Identify Opportunities for Additional Analysis and Document Effective Strategies
- Gather information on key motivating or influencing factors affecting an excavator’s decision to contact 811, with the goal of separating out lack of awareness. With failure to notify the 811 center remaining the top individual root cause of damages year after year, yet excavator awareness of 811 remaining high, it is imperative that we begin to better understand and address the reasons that 811-aware excavators do not always notify.
- Identify new strategies to increase consistent use of 811 on every project (and document results). Whether working with high-volume excavators within a state’s 811 system or facility owner/operators’ excavating subcontractors, finding opportunities to incentivize and increase consistent and responsible use of 811 on every project could lead the industry to its next significant reduction in damages to buried utilities.
- Document effectiveness of specific policies, enforcement models and training/educational programs on prevalence of excavator errors in the field. Finding more direct methods for evaluating the effectiveness of damage prevention training and education programs by tying them to excavators’ damage data will help the industry better understand which educational interventions are most effective in achieving behavior change.
- Identify methodology to measure and document the impact of greater availability of improved/accurate maps on the damage prevention process. Leading-edge facility owner/operators are investing in improving their facility maps, and both CGA’s Next Practices Initiative and Locator White Paper have identified improved mapping as one of the most efficient paths for addressing locating issues and ultimately reducing damages. Being able to tie mapping investments and improvements to better damage prevention outcomes would support the business case for more facility owner/operators to make crucial mapping upgrades.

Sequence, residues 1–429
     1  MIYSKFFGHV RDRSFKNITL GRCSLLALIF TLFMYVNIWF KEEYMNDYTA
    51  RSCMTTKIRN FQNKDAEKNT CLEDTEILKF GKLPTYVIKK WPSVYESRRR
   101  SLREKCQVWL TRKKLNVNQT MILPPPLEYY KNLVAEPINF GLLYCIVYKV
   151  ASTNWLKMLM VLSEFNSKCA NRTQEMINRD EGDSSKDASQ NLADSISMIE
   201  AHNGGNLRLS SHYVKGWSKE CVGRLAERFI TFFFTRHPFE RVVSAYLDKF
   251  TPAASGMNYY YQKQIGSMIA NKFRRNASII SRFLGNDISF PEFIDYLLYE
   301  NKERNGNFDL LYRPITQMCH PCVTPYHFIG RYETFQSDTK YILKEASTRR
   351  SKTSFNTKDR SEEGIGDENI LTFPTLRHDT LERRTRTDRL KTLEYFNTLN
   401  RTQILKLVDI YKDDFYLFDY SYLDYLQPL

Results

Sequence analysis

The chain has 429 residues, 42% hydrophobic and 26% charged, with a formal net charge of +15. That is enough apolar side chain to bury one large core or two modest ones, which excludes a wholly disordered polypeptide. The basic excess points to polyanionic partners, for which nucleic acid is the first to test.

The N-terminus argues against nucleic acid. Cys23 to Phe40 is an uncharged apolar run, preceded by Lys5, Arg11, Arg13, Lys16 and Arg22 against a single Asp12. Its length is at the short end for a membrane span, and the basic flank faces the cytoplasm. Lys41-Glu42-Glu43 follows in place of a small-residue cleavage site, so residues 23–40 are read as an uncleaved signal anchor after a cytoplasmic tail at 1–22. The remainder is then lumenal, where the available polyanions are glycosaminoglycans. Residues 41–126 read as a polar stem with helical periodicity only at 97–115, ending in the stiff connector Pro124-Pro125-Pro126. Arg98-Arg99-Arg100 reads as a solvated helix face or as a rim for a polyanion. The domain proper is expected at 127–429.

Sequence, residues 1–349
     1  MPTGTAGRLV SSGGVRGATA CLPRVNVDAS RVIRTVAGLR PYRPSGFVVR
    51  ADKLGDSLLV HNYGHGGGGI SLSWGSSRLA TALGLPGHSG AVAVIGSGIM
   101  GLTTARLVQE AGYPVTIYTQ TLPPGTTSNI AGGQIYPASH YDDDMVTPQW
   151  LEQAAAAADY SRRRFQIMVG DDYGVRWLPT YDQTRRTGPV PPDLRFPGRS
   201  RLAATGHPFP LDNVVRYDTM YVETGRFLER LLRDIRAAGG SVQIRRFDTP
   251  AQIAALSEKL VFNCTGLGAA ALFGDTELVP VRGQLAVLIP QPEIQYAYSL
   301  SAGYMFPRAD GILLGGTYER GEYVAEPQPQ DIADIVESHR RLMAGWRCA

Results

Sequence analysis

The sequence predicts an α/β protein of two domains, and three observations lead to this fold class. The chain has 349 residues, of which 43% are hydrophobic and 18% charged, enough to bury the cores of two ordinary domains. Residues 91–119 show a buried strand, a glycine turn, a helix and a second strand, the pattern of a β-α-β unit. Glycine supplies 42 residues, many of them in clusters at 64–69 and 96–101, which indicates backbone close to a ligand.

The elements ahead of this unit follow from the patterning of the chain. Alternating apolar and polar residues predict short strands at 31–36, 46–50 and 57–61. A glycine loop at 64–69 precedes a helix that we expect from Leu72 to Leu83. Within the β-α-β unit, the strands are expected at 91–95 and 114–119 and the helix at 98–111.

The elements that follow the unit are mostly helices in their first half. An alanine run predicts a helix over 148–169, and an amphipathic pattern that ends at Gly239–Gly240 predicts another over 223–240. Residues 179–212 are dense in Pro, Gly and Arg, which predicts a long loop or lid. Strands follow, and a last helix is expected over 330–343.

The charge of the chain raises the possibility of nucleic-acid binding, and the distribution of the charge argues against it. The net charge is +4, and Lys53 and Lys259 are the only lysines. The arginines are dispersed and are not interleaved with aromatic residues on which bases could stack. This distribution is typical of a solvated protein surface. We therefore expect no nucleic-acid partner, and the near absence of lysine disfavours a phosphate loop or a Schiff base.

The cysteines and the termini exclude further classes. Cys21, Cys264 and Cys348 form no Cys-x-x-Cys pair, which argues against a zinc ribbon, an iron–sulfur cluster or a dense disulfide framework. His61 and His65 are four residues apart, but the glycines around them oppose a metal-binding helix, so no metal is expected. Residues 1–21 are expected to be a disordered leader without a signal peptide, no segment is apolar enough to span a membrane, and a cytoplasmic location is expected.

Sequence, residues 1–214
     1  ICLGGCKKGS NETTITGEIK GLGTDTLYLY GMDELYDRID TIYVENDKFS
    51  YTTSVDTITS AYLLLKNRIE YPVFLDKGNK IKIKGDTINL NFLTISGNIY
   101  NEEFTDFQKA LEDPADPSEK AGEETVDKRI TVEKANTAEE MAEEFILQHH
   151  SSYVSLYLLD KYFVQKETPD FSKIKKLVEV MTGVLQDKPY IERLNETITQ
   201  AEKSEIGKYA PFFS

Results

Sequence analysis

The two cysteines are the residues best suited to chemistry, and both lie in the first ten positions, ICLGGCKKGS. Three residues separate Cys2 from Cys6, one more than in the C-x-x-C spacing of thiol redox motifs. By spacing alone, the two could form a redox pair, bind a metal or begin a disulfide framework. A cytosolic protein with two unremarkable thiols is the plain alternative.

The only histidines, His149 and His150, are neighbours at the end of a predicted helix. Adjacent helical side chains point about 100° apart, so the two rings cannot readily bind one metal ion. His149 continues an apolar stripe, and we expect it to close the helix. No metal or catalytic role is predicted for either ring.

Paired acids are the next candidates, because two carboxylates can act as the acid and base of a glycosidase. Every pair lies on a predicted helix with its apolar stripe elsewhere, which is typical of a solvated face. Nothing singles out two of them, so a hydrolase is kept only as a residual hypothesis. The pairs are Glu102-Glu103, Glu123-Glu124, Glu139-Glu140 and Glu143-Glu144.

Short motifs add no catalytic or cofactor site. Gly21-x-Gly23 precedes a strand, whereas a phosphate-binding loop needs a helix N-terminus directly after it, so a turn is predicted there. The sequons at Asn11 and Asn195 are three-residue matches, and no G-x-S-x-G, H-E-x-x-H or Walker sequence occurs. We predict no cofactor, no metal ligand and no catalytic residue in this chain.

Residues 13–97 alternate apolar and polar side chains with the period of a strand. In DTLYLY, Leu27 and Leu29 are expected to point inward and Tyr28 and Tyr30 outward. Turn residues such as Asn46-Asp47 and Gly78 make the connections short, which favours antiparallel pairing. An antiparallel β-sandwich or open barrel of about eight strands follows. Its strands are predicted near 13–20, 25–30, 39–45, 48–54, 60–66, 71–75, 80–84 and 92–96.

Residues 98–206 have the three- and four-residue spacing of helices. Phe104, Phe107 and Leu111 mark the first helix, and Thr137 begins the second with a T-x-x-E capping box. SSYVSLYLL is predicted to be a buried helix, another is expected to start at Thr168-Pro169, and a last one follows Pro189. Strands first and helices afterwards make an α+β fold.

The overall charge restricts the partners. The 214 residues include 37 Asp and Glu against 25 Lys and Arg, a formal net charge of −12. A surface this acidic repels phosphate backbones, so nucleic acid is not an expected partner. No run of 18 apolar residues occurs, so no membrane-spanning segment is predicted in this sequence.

DIRT Report – Opportunity for Self-Evaluation
Examine your organization and stakeholder group’s impact, role in the damage prevention process and potential opportunities for improvement.
- Are you collecting and submitting the highest quality DIRT data available to your company/industry? How are you utilizing this data to improve your damage prevention practices within your own company?
- Are you taking steps to minimize “noise” in the 811 system?
- Excavators: Does your number of locate requests accurately reflect your current workload?
- Facility Owner/Operators: How many “renotification” requests are you submitting throughout the life of your facility maintenance and new construction projects?
- Are you requiring everyone that works for you or on your behalf to follow the most effective and proven safe digging practices to reduce the likelihood of the top root causes of damage?
- Facility Owner/Operators or Project Owners: Do you insist on potholing by your contractors and ensure this is built into their project costs? If you are a utility company that uses vendors for locating or subcontracts excavation work, do you use contracts that incentivize following safety and damage prevention processes and procedures?
- Excavators: Do your employees know they will not be penalized for any project delays caused by adhering to the 811 process? Do you require specific training for excavation within the tolerance zone?
- Are you using/investing in new technologies to improve mapping, locating and GIS data?
- Do you prioritize safety and damage prevention in your organization/company? If so, do you communicate that effectively to your employees?
 “Noise” is defined as locate requests that detract from locators’ ability to process tickets and provide marks where and when they are actually needed. Practices that contribute to “noise” include:
- Locate requests for more work sites than can reasonably be started before the tickets expire.
- “Emergency tickets” that are not really emergencies.
- “Just-in-case” tickets so crews are not idle if work sites are not located on time.